Every now and again I see a bike that combines the “come and ride me” factor with a clear demonstration of well executed engineering. Much of the time that balance swings heavily in one direction. Not in a negative sense but a personal preference, I appreciate cohesive and considered design. Honda’s NX65o Dominator and FX650 Vigor have been done to death over the last few years, so a slick and fresh approach like this one by Paris workshop Méca Services 92 got me all excited.
Méca’s owner Isidore Delgrosso sent these photos into us a while ago so it’s about time we shared them. Isidore bought this 1999 FX650 Vigor, one of the first ones as the SLR650 was replaced that year, and has been tinkering away for years but decided to give it a proper custom job to not only highlight the skills of the workshop but also as a personal project of passion.
The trend to bin the stubby tank was ignored and the shape embraced, complimented by carbon fibre side panels and tail unit, made in-house. Despite the futuristic looks of the swooping carbon structure, the stock seat still fits, highlighting that it too is a well proportioned component in the first place.
The fork is Yamaha R1, 1998 vintage, with a brand new top clamp CNC machined by USV Racing, which also houses the Motogadget Motoscope Mini speedo. Headlight brackets are trick aftermarket versions but the lamp itself is genuine Honda from the local dealer, with an LED bulb fitted for a crisper night-time look.
Compatriots Beringer provided the braking, their solid rotors seem to look so purposeful and the setups I’ve tried have felt great. Here, the R1’s Tokico calipers made way for the delicious Beringer Aerotecs. The front wheel is from a later 2004 Yamaha R1 to better match the 5 spoke rear. Pre-2003 were three spoked and not as pretty, especially with Bridgestone slicks fitted.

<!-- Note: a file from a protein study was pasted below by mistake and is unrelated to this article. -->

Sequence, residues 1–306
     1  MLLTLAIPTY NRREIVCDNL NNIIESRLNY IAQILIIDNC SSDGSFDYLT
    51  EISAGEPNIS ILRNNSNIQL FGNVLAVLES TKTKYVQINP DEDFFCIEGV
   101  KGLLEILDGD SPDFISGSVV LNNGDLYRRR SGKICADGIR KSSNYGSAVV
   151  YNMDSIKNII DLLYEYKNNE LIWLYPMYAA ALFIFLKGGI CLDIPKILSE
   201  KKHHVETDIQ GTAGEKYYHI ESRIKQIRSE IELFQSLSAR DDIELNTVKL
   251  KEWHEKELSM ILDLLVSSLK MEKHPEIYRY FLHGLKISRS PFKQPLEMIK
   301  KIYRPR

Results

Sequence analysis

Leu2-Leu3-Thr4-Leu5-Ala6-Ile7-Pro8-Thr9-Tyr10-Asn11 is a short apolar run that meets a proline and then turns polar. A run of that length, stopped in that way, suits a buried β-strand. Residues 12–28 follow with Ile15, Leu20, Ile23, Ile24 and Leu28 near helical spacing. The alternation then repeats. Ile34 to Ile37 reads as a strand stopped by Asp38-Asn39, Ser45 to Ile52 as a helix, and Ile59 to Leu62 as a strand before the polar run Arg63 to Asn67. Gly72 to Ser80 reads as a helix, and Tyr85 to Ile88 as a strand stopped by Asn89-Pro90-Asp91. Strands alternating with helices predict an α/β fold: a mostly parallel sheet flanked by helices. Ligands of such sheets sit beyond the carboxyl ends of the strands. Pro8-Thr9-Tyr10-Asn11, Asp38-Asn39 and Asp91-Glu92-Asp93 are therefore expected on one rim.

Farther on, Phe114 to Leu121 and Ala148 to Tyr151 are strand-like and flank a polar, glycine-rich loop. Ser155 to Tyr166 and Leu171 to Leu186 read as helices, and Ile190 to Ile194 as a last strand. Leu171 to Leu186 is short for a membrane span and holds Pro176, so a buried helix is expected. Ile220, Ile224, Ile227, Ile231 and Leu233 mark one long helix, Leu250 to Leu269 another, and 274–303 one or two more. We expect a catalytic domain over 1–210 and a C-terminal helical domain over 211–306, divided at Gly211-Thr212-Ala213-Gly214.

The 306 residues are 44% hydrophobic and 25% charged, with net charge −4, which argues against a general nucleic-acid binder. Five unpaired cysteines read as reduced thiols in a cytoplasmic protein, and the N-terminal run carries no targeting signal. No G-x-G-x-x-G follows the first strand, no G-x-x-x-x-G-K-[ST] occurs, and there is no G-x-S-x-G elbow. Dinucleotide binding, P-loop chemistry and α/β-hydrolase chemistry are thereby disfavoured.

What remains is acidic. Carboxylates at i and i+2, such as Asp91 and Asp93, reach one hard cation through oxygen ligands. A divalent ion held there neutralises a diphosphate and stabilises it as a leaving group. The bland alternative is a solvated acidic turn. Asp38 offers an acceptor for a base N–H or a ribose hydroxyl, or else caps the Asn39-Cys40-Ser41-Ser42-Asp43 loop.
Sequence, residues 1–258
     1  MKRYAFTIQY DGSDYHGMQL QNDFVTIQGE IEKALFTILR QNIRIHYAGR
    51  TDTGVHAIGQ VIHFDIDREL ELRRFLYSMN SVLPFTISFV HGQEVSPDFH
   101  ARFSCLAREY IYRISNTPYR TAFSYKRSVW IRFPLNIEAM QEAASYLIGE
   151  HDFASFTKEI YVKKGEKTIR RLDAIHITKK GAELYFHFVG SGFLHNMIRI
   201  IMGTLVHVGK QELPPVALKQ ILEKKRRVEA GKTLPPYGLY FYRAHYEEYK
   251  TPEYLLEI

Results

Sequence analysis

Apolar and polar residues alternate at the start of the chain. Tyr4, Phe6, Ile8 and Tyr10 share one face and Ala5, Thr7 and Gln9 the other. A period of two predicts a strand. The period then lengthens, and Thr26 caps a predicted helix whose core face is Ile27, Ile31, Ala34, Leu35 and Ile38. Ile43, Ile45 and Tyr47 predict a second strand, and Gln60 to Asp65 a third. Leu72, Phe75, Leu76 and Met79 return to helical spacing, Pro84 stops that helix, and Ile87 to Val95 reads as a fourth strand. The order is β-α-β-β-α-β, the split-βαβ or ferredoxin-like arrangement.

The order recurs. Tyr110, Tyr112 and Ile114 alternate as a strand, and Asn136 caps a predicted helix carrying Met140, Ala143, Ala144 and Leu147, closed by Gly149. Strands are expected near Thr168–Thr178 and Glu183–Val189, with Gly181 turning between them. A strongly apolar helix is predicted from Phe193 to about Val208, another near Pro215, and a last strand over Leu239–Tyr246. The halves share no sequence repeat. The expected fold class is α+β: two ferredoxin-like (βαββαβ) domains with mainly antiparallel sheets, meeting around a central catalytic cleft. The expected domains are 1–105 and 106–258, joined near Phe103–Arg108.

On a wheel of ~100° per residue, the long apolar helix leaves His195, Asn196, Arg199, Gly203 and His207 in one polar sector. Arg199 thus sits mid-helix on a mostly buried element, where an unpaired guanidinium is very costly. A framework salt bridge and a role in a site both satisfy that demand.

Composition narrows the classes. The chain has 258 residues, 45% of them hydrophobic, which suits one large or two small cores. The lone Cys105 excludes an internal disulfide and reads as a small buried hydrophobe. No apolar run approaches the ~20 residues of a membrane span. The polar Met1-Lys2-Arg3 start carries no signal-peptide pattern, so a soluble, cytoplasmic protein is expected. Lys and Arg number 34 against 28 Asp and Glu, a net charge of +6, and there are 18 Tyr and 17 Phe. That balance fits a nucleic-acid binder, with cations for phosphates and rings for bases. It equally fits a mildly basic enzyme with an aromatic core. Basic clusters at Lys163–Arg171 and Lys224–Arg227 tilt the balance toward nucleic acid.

And the single sided swinger? Yup, no mistaking those wheels…Honda’s steadfast sports tourer, the VFR800. This wasn’t a lucky guess, Isidore chose the VFR rear end for its good looks and set about making it fit. I bet an awful lot of trial and error was involved but the result is worth it.
The wiring harness is of course new, slimmed down to make the most of the power efficient Motogadget system. The ignition now lives on the left side of the frame’s downtube leaving just a single M-switch on the left clipon.
And the choice to use a single cylinder thumper rather than revvy four-banger? Isidore wanted a light, narrow and nimble machine with plenty of torque. The stock 650cc RFVC (Radial Four Valve Combustion) motor delivers in stock trim but that wouldn’t be worth comment. An HRC NM4 racing camshaft adds more midrange kick without tailing off at high revs and the lighter, forger Tecnium piston helps the whole thing spin-up from idle. A Mikuni TM40 delivers better fuelling and response than the stock Keihin CV. The headers are handmade in-house and bark through a pair of Danmoto silencers. Not too silenced I hope.
I’m all for extravagant builds that demonstrate huge creativity but putting something together that looks like it just rolled off a manufacturer’s imaginary production line can be just as challenging. If Honda had launched something similar to this 20 years ago I’d wager they’d have sold out.